>>student Ozgur S,ims,ek, and David Jensen, professor of computer science,
>>at the 19th International Joint Conference on Artificial Intelligence in
>>Edinburgh, Scotland.
>>The algorithm is applicable to a number of networks say the researchers.
>>Ad-hoc wireless networks, peer-to-peer file sharing networks and the World
>>Wide Web are all systems that could benefit from more efficient
>>message-passing. The algorithm could work especially well with dynamic
>>systems such as ad-hoc wireless networks where the structure may change so
>>quickly that a centralized hub becomes obsolete.
>>The work was inspired by research pioneered in the late 1960s that focused
>>on navigating social networks, explains S,ims,ek. In a now famous study by
>>psychologists Milgram and Travers, individuals in Boston and Omaha, Neb.,
>>were asked to deliver a letter to a target person in Boston, but via an
>>unconventional route: the message had to be passed through a chain of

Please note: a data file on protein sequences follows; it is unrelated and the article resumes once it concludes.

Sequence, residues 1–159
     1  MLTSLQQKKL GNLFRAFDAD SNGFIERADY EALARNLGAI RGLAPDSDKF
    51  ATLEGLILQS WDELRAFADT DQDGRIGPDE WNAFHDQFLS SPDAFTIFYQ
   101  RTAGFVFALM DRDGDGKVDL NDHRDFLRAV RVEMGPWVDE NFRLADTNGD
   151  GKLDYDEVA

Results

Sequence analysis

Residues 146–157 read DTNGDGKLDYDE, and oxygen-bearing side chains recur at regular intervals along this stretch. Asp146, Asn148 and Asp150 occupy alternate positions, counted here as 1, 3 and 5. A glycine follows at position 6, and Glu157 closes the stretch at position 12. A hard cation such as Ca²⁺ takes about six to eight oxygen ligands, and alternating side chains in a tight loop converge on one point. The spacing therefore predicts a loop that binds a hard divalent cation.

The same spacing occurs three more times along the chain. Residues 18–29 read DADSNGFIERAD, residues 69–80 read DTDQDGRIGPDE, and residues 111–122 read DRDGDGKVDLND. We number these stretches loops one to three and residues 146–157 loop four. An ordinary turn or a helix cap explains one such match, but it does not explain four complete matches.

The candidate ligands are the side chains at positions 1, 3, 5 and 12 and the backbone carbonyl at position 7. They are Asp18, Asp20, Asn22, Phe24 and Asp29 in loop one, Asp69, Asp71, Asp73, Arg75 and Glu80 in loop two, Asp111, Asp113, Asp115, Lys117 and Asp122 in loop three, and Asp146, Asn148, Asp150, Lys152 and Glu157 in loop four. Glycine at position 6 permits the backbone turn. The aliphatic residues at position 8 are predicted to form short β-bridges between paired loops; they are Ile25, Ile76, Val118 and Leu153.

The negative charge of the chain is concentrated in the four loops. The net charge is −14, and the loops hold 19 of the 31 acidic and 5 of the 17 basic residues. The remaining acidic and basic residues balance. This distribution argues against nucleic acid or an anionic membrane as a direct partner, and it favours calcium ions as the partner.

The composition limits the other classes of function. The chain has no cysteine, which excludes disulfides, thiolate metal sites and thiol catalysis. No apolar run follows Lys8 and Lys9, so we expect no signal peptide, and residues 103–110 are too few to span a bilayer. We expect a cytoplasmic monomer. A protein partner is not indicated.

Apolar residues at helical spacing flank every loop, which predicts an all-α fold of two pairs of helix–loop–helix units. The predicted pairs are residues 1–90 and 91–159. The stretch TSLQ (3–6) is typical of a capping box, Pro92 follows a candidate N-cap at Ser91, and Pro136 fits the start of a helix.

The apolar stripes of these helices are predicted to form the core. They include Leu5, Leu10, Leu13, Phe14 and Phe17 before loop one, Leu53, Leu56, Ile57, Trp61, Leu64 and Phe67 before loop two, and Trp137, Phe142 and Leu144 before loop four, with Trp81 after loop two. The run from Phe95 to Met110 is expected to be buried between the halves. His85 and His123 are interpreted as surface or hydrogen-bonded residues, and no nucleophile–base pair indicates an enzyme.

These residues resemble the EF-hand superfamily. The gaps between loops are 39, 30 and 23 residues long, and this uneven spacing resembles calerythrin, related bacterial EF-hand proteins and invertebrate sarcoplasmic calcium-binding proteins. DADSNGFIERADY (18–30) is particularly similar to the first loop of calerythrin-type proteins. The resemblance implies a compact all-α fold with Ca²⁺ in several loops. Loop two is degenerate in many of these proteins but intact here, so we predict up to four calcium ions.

>>acquaintances. The people starting the chain had some basic information
>>about the target individual—including name, age and occupation—and were
>>asked to forward the letter to someone they knew on a first-name basis in
>>an effort to deliver it through as few intermediaries as possible. Of the
>>letters that reached the target, the median number of people in the
>>message-passing chain was a mere six.
>>“What came out of that study was that we are all connected,” says
>>S,ims,ek. But the findings also raised a number of questions about how we
>>are connected, she says. What are the properties of these networks and how
>>do people efficiently navigate them?
>>The social network exploited by Travers and Milgram isn’t a
>>straightforward, evenly patterned web. For one thing, network topology is
>>only known locally—individuals starting with the letter did not know the
>>target individual—and the network is decentralized—it didn’t use a formal
>>hub such as the post office. If navigating such a network is to
>>succeed—and tasks such as searching peer-to-peer file sharing systems or
>>the navigating the Web by jumping from link to link do just that—there
>>must be parts of the underlying structure that successfully guide the
>>search, argue Jensen and S,ims,ek.
>>Participants in the Travers and Milgram study who efficiently sent the
>>message probably acted intuitively by combining two human traits that
>>apply to computerized network-searching as well, say the researchers.